Tales from the Crypt was a cult horror movie from 1972 and also a US TV series from 1989 to 1996.  The latter started with a panning shot down the stairs to the basement of the decrepit mansion.  And with a severe bear market in the crypto-currencies currently, they too are headed for the basement of horrors.

I have long maintained that most, if not all, of the hundreds of crypto-currencies will end at precisely zero. The whole concept is a fad or mania that could only take off during a roaring bull stock market.  In such a trend, optimism in society rides high and the sky’s the limit for all sorts of ventures.

But when the mood turns negative, – as it is doing today -, optimism wanes and conservation and a scaling back of ambitious futuristic plans comes to dominate over time.

With Bitcoin – the market leader – now trading near the $7k level (down from the $20k high) which is a Fibonacci 62% drop, we really are in a bear phase.  All are in melt-down.

One sign of the change in sentiment is the sudden desire of the authorities to clamp down on the ‘Wild West’ unregulated aspects of the various exchanges.  That was entirely predictable as trading dollar volumes became non-negligible.   Here is one of the leaders, Ether

What a lovely outline of a mountain!  And that is not a bad analogy since you cannot climb any higher than the peak but must return down to the start.   We are almost there.  Most manias (or bubbles) end up losing 90% or more and that point would be reached at around the $150 area.

There must be very many who bought into the story last year in the ‘early’ days  and have ridden it up to the peak and are still holding in the hope it will somehow re-scale the heights near $2k – and beyond. The investment world is full of such idealistic people who get married to a story, take their marriage vows seriously, and hold on until death do them part.  And when the investment gives up 90%, they chuck in the towel sell in a fit of disgust, vowing never to touch cryptos again.

I call that the Grand Old Duke of York strategy who marched them up the hill and marched them down again.

Serious traders, on the other hand, will abandon a trade when it shows signs of it not going their way.  Our aim is to lose as little as possible on their bad guesses, as well as cashing in as much profit as possible on their winners before they start going bad.  This is far from a ‘set and forget’ strategy.

 

Tesla has run out of gas

This share has been a star performer and especially so considering it has never made a profit!  Investors have flocked to it as the allure of their charismatic CEO Elon Musk was just too much to resist.  He wove a magical story of being the dominant player in the evolving EV market and the biggest lithium battery supplier globally.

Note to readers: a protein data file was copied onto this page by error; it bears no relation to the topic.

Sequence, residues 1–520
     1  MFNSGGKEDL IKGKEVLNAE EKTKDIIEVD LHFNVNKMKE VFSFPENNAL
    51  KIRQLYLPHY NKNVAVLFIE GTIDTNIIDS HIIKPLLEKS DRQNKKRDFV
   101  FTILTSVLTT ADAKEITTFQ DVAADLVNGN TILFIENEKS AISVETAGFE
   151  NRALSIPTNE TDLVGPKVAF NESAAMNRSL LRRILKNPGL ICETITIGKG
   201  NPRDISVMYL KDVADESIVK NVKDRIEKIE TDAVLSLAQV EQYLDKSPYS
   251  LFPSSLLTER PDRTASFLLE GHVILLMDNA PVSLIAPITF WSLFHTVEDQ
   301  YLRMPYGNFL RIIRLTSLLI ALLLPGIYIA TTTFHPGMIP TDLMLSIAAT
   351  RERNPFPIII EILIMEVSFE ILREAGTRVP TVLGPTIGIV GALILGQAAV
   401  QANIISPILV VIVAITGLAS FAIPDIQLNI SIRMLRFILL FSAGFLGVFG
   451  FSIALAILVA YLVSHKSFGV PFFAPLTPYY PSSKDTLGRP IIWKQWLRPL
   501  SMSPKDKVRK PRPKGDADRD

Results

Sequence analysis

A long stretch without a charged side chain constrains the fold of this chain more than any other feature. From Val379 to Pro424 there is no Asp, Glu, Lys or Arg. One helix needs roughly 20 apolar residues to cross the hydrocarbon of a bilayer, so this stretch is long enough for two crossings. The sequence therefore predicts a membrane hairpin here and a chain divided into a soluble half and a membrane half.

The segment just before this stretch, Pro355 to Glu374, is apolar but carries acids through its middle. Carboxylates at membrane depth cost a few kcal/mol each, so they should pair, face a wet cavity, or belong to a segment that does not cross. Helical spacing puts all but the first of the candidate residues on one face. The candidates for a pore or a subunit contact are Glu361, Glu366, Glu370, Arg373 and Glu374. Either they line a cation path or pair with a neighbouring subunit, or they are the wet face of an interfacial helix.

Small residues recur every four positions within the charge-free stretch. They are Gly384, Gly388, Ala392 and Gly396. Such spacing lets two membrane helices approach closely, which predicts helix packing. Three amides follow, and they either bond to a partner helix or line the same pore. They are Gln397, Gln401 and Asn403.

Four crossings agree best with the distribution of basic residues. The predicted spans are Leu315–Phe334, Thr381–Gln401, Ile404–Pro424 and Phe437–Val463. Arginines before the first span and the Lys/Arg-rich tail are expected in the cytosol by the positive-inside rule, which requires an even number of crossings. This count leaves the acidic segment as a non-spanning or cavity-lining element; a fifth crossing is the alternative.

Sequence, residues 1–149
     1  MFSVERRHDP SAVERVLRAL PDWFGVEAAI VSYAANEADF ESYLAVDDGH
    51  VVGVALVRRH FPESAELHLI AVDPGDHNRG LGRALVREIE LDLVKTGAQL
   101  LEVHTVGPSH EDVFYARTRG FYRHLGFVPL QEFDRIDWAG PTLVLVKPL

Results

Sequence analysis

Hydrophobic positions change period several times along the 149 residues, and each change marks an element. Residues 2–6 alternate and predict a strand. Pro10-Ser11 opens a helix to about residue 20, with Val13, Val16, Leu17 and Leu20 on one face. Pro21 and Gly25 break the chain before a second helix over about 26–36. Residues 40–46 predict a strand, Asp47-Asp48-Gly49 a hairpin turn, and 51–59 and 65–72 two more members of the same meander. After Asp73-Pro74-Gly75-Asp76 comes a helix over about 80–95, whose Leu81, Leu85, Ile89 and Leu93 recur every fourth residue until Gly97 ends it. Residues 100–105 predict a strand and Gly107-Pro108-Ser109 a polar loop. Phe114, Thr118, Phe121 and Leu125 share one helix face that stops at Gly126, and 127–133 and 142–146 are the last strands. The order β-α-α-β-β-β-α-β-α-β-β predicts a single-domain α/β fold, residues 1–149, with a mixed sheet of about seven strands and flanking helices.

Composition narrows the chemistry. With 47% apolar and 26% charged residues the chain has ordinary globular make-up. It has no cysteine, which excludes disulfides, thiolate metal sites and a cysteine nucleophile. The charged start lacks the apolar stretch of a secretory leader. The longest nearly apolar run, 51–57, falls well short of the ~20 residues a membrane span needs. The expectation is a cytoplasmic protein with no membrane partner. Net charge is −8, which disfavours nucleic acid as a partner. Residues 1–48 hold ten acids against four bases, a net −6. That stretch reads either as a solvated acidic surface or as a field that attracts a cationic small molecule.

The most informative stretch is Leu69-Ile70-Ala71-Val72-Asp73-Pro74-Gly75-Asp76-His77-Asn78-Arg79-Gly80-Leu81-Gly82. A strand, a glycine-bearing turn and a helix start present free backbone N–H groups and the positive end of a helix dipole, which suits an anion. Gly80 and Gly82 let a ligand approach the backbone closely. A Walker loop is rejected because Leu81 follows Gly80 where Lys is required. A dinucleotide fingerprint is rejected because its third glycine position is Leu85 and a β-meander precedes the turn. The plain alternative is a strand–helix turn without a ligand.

This was a story made in bull market heaven.  It had everything with the magic ingredient of being a disruptive force in an old industry and crucially, no earnings.  All the revenue was directed into research and production.  Musk raised billions from hopeful investors who herded together in the most intense way.

This has echos of DeLorian in the early 80s who produced a gull-wing car made famous by Back to the Furure movies.  That company lasted just two years and Mr John DeLorian passed into obscurity.  Hmm.

Of course, in a new industry, not everything goes smoothly, and Tesla has had its share of production woes and quality issues.  But until recently, that did not matter to the market.  All that mattered was the sunny uplands just over the horizon.

And that attitude works until it doesn’t.  And last year, it didn’t.  That was when I really started getting interested in stalking it for a campaign to short the shares.  I believed that of all the tech shares out there, this was one of the most vulnerable to a change in sentiment – and provide me with a large bang for my buck.  And that change was bound to arrive.  All I had to do is watch for the chart signs that the mood was shifting from ‘all news is good’ to ‘what a fool I was for listening to Musk’.

Here is how I did it

By October, I was able to draw in my pink trendlline connecting all of the recent minor lows.  I reckoned when the market broke below that line, it would confirm my Elliott wave labels on the way up which would confirm the new trend was down.  Another clue was the momentum divergence between the waves 3 and 5.

But I believed after the break the market would rally back to the line hopefully in a kiss before peeling away back down.  That is a normal pattern.  I certainly did not want to short this market too early!  Patience was required.

And my patience was well rewarded when in February the market did just that and kissed the line in the 360 area.  That was my signal to enter a shirt trade and I could use a close stop since a move above the line would likely cancel out my bearish scenario.

As the tech sector entered a period of intense selling in March, Tesla was pulled down as more recalls were announced.

The shares are currently trading at the $260 area – a full $100 below my entry.  Nice.

But now the wave pattern is not totally clear – we could be in a three down or a five.  And with the market very oversold, a bounce can be expected near term and I shall be taking some profit off the table.  But my near target is the blue tramline in the $220 area.